Capgemini: not enough visibility in current climate

Capgemini has gone back on its previous expectations of modest growth in the first half of 2009, following a significant deterioration in the wider economic environment since the third quarter.

The company now expects to see a modest decline in first-half sales, while maintaining an operating margin of 6.5%. Worryingly for investors, CEO Paul Hermelin said in a statement, 'In a climate of high uncertainty, the Group considers that it does not have enough visibility beyond the first half.'

This is hair-raising stuff, and certainly backs up what we've been expecting for some time now - that IT service providers will find life decidedly tough from now on. Investors thought so too, sending Capgemini's share price down 6% once the company released its year-end results.

Hitting the numbers in 2008, but 2009 will be tough

Capgemini performed well in FY08, in line with expectations. The operating margin (before any write-offs and related business charges) was 8.5%, while revenues were up 5% to €8.71 billion. However, this growth in revenues was largely down to benefits gained from the appreciation of the euro against the US dollar and pound sterling, where Capgemini makes more than 40% of its revenues. At constant currency revenue rates, the company would actually have been flat in 2007.

It is in 2009 when Capgemini will come under considerably more pressure. On a geographic basis, North America (full year 2008 up 3.4%) is already under pressure, having seen a drop in revenues in Technology Services as a result of difficulties in the financial services sector, as well as a strategic shift to use resources in India.

Meanwhile, UK revenues fell 0.5% due to the expected reduction in spend from main customer HMRC. Likewise, Germany and central Europe look weak following a flat 4Q08 versus Q308.

TXU termination will hit outsourcing pipeline

One of the significant issues likely to affect Capgemini in 2009 is the early termination of its $3.5 billion mega-deal with US energy group EFH (formerly TXU), following the decision by new owner EFH to bring the service back in-house. Capgemini will now have to remove €1.15 billion from its outsourcing pipeline.

Despite this, outsourcing remains an extremely strong performer for the group. Excluding the impact of EFH, the pipeline was up 33.6% at €6.6 billion in FY08. Factoring in the EFU impact, however, brings the pipeline down to €5.4 billion (7.8% growth). Either way, it demonstrates that the group's outsourcing activity remains relatively buoyant, at least for the moment.

Capgemini expects to take a $180 million revenue hit from EFH in FY09, and this has already been factored into the first-half revenue expectations.

Taking pragmatic steps to counter downturn

Capgemini is focusing its attention on some key areas. The group is aggressively going to push sales, and has a €70 million fund put aside to drive forward on new opportunities. We expect the focus to be on IT outsourcing, offshoring and business process outsourcing, particularly in the public and energy and utilities sectors.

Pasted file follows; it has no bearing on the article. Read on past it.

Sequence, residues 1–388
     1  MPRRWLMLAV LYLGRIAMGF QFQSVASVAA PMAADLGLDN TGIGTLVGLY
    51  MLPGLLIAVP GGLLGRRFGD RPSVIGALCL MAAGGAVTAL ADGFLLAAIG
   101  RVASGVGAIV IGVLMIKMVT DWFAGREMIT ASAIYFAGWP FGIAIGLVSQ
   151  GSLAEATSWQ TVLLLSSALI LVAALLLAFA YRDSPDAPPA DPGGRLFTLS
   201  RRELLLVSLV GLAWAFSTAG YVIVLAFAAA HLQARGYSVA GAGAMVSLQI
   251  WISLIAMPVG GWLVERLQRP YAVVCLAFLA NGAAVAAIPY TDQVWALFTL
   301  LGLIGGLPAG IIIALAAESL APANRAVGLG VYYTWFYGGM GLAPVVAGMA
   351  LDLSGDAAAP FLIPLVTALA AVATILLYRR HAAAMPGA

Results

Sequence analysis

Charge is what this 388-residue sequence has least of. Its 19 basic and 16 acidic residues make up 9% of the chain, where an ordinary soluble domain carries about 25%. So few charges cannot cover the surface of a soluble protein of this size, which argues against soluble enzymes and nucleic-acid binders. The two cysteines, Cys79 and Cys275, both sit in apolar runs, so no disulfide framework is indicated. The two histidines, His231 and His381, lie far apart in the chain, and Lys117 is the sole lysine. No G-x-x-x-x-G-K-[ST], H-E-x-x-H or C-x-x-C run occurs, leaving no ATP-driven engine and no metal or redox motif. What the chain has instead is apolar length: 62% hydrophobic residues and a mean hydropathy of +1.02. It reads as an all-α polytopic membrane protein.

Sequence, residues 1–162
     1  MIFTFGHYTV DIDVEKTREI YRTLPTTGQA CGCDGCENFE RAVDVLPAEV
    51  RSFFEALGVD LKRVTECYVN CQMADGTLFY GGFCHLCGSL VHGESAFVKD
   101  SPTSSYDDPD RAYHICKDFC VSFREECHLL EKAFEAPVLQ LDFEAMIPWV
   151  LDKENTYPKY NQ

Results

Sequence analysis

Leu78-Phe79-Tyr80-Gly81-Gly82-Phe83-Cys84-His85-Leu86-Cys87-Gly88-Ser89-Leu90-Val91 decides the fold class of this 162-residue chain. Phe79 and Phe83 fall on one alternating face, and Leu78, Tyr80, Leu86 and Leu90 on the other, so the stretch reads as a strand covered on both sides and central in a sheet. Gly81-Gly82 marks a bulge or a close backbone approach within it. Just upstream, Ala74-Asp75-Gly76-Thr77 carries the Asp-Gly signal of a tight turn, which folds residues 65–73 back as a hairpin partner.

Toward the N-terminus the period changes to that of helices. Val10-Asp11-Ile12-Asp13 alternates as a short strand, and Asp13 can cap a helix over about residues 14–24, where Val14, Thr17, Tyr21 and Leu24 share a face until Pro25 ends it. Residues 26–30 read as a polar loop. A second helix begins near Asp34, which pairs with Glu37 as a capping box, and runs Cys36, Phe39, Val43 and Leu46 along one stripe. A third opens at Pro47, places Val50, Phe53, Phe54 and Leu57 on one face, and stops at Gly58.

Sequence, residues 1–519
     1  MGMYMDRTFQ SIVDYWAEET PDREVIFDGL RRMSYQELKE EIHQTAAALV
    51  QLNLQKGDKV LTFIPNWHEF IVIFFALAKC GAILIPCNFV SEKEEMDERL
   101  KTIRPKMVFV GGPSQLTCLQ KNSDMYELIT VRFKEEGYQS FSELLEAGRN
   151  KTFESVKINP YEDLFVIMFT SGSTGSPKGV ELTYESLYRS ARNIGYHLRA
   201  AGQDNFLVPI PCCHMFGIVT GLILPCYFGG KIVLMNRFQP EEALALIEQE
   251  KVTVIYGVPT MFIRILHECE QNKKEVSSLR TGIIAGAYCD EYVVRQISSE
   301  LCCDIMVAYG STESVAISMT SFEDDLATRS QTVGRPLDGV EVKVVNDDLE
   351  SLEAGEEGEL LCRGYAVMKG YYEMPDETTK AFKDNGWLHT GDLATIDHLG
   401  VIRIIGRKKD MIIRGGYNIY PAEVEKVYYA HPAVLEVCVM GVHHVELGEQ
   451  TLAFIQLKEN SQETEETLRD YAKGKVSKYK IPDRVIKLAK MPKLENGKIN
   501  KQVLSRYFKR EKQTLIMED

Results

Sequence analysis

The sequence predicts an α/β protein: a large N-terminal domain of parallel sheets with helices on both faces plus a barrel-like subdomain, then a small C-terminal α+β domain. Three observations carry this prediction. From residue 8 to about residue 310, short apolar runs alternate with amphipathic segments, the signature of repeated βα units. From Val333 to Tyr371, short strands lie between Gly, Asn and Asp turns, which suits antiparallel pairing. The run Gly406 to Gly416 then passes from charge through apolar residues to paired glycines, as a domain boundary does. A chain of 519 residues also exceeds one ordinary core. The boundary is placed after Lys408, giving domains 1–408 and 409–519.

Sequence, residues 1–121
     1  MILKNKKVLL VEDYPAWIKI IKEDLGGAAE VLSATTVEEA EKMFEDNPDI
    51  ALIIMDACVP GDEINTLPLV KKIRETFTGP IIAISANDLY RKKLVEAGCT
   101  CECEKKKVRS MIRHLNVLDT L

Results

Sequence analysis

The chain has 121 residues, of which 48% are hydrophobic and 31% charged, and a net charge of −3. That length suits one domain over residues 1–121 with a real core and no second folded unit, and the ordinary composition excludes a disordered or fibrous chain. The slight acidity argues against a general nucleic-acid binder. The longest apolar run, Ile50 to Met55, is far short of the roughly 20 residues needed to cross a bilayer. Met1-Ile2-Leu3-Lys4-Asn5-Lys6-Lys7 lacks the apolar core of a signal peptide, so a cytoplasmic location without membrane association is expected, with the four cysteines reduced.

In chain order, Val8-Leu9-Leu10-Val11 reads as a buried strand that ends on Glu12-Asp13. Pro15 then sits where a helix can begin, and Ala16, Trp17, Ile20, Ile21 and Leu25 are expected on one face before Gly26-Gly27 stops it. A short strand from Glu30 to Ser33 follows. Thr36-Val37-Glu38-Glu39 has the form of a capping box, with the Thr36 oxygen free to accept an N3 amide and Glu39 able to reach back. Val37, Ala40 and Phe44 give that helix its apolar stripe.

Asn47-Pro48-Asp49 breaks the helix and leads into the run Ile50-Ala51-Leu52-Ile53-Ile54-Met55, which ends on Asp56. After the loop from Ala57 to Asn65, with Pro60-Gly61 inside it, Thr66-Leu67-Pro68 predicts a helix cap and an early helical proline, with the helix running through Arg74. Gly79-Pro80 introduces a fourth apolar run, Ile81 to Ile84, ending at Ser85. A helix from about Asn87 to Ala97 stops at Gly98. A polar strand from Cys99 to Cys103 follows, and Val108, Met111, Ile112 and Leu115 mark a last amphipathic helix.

As we have said before, in times of economic recession, IT service companies are going to need to focus their attention firmly on counter-cyclical activities such as these, which are able to deliver rapid and tangible cost reductions for clients (as well as industries that still have growth potential in a recession, such as government).

 

Perhaps the most important steps to be taken are going to be offshore. In a conference call, group strategy director Martin Cook said that demand for offshore services is 'higher than ever,' and he consequently plans to accelerate the company's plans for offshoring during 2009. Cook's ambition is to have 40,000 people located in lower-cost locations such as India by 2010, which will mean growing significantly during the next two years from its current offshore headcount of 25,000.

Capgemini is doing this with a close eye on maintaining its margins, and a focus on globalising its internal processes (such as moving 220 support staff offshore).

Where we see weakness for Capgemini is in its exposure to local professional services or body-shopping (Sogeti), as well as consulting and technology services. Revenues from local professional services, for instance, were down 1.7% from 1H to 2H08; consulting fell 10%; and technology services were flat over the same period.

We see this trend only continuing in 2009. How severely it impacts Capgemini and its competitors will depend in part on just how long customers delay funding decisions on short-term or discretionary IT and consulting projects. Fortunately for Capgemini, more than half of its business is from its more stable areas such as outsourcing, public sector, and energy and utilities. The company's plan to accelerate its sales efforts in these areas is a reasoned approach to weathering the ongoing economic storm.

John O'Brien, Analyst and Service Manager

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